The story is straightforward and piques your interest right from the start. Gunther Wyckoff (played very convincingly by Marshall Thompson) is a troubled young man who escapes from a mental asylum in order to track down and seek revenge on the doctor (Levene) responsible for his being locked up. He manages to board a bus for Terminal City but begins to attract some unwanted attention due to his odd behavior.
When the police broadcast a television bulletin about the killing of the bus driver and a description of the killer, the bartender who was the only one to notice the broadcast unsuccessfully tries to call the police, and the psycho ends up locking the door and holding everyone in the bar hostage. For the remainder of the film the bar patrons try to reason with the killer. And the police outside try to negotiate for the hostage's release.
There are quite a few exchanges between Dr. Farnum and police captain Kiever (Richard Rober) mostly because the captain believes that Wyckoff should have received the death penalty for a previous murder instead of of being institutionalized. Dr. Farnum finds he must make a tough choice -- keep his distance as ordered by the police chief and let the cops continue to negotiate with the killer, or sacrifice himself and face the the killer in an attempt to free hostages.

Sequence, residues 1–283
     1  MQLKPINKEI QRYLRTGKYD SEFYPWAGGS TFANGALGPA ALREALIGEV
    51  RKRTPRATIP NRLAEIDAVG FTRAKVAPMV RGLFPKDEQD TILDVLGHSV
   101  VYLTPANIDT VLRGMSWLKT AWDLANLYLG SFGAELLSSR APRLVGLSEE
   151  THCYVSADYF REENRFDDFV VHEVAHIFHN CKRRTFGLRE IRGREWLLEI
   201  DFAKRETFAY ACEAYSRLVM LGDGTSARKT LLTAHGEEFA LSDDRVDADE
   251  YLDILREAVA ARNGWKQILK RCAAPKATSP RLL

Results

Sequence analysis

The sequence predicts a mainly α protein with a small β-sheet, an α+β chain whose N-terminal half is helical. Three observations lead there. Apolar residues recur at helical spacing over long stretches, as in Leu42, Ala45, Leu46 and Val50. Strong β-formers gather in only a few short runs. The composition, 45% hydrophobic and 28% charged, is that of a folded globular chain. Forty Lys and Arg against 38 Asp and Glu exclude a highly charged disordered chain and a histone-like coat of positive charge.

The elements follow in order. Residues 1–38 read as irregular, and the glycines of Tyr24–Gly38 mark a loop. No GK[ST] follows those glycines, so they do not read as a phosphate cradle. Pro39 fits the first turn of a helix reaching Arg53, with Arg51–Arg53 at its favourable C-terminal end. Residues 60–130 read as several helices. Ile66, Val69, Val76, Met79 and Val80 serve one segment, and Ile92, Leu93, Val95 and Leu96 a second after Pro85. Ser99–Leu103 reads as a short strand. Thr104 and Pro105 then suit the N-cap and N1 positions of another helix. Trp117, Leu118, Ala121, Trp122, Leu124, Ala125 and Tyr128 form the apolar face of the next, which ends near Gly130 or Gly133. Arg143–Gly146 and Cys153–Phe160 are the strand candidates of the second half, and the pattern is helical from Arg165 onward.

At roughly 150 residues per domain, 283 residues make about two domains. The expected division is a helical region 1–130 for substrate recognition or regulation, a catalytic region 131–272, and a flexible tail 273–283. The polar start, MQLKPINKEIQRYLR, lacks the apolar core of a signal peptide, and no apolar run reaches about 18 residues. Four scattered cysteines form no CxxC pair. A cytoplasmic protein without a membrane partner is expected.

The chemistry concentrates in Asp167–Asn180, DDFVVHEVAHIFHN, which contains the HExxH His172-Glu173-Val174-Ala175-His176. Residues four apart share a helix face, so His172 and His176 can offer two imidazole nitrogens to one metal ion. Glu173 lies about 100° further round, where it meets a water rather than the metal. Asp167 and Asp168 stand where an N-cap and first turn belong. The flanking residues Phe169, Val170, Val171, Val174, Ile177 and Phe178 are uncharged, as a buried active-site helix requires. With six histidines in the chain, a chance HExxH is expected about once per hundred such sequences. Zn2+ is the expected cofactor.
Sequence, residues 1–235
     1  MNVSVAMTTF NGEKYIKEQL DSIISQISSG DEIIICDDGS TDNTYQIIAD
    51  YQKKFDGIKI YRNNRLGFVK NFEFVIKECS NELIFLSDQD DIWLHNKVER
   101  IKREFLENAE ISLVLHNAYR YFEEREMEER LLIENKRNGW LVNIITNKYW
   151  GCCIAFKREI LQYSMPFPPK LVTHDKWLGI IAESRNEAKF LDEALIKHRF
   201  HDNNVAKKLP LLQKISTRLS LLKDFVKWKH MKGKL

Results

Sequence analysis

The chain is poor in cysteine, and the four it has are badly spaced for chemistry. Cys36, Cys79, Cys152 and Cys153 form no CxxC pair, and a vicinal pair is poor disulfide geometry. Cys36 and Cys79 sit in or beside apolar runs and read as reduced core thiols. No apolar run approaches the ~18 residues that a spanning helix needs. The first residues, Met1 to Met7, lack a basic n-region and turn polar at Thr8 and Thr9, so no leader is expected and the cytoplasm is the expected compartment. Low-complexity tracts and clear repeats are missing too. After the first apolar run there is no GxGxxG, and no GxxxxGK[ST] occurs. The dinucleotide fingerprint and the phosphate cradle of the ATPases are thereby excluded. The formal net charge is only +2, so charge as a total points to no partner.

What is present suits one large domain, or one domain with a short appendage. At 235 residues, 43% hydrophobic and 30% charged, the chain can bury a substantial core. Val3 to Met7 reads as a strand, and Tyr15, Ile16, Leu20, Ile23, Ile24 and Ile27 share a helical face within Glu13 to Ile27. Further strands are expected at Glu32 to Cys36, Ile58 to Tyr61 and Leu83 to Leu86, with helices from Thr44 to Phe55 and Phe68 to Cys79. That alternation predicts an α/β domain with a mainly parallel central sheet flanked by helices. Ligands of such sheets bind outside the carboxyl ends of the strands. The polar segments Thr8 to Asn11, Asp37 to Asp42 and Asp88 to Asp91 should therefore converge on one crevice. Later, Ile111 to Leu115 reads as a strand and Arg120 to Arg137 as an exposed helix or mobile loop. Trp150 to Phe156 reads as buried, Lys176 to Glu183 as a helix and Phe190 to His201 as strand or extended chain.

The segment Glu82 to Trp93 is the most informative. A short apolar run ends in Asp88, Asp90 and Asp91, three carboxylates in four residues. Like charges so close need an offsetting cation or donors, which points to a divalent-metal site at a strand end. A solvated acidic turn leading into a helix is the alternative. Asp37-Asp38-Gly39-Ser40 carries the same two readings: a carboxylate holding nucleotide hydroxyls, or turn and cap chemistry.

I enjoyed the portrayal of the broadcasting company's (WKYL?) attempt to cover the story for one of the newest media inventions of the time - the television. Even the bar has a large flatscreen television ("fourteen-hundred bucks installed, push-button picture control, reflected image, 3x4 foot screen"). That "fourteen-hundred bucks" would probably equal about ten thousand dollars today.
This is a pretty good noir film with an interesting twist at the end. Great cinematography by Paul Vogel keeps all the visuals crystal clear while still preserving the dark foreboding noir world that so many us of have come to love.